Female Founder Stories: Jennifer Lu, Founder of ZowPow (YC W13)

by Y Combinator2/8/2015

ZowPow is building a virtual playground for kids with interactive toys.

Q: What did you do before starting ZowPow?
I worked in mobile gaming for a number of years. I managed developer relations at OpenFeint, led BD and marketing at TinyCo, started a gaming studio, and consulted for various gaming and mobile companies. During my tenure in mobile gaming, I became really interested in figuring out how to create richer gaming experiences and how to extend gaming beyond screens.

Q: How did you meet your cofounder?
I met my cofounder, Brian, through a mutual friend and former advisor. Brian had previously been working with sensors and wireless technology. We shared an interest in merging the physical and virtual worlds. Together, we came up with the idea of putting sensors inside of toys and wirelessly connecting them with mobile and tablet devices to enhance gameplay.

Q: Tell us about your YC experience.
It was an extremely intense 3 months, but I really enjoyed it. It forced us to be 100% focused on our startup. We really didn’t do anything else besides work on our startup. It was helpful to be around other founders going through the same thing– we pushed and supported each other.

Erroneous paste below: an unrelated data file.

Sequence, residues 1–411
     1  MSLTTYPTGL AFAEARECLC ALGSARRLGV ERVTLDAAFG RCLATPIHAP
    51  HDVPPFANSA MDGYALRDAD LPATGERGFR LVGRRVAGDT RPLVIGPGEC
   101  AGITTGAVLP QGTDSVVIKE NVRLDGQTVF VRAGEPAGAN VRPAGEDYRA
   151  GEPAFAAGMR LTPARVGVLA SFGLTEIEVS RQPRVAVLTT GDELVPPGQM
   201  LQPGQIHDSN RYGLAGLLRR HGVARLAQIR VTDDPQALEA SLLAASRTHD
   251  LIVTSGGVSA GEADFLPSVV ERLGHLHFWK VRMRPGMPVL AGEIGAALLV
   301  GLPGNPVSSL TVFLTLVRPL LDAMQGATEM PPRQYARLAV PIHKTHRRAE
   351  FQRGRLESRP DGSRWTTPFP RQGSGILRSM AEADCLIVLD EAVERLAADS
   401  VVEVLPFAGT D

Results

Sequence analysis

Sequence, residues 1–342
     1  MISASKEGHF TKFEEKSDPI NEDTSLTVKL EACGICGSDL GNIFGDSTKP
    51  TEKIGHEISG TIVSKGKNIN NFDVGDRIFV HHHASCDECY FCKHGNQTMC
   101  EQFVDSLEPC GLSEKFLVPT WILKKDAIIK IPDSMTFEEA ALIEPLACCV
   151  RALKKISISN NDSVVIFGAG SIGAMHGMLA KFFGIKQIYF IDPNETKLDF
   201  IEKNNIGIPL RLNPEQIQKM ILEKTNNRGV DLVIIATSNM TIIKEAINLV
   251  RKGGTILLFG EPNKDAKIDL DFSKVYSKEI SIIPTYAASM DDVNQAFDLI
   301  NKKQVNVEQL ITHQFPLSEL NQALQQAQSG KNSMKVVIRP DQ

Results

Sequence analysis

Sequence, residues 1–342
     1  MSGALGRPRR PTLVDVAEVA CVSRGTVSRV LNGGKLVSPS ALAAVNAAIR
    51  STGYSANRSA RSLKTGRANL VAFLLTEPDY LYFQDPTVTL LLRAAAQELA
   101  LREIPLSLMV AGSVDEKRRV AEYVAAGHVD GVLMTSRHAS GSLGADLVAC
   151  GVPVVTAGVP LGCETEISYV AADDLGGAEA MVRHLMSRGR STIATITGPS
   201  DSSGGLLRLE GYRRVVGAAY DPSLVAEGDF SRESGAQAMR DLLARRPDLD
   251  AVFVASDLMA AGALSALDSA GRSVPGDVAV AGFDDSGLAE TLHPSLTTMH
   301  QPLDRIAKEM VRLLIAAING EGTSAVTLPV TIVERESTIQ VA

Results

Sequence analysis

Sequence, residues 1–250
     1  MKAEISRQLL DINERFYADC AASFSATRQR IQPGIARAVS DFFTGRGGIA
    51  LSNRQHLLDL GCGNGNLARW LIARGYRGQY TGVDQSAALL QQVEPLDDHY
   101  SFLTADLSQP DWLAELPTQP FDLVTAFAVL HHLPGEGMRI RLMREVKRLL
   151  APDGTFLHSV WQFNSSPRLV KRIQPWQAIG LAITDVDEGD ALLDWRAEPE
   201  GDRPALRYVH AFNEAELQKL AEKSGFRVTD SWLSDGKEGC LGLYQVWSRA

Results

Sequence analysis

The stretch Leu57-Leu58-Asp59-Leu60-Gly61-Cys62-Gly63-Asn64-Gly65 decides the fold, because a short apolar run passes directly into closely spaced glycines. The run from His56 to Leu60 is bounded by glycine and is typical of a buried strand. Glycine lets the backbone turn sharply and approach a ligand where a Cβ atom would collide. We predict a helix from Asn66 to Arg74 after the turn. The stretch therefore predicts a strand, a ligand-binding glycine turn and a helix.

Q: What is the atmosphere like at YC during those 3 months with Demo Day approaching?
Fast-paced, focused, determined.

Q: Was being female either an advantage or disadvantage in working on your startup?
There was a slight advantage. Having both a female and a male on the co-founding team made for a good balance. Our different perspectives and experiences were useful when building our products, especially since our toys and games are for both boys and girls. We often have to interact with kids and their mothers, and sometimes they are more receptive when I approach them vs when my co-founder does.

Q: What do you wish someone had told you when you were 15?
Learn to code! Take more risks. Do things differently than others.


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    Y Combinator created a new model for funding early stage startups. Twice a year we invest a small amount of money ($150k) in a large number of startups (recently 200). The startups move to Silicon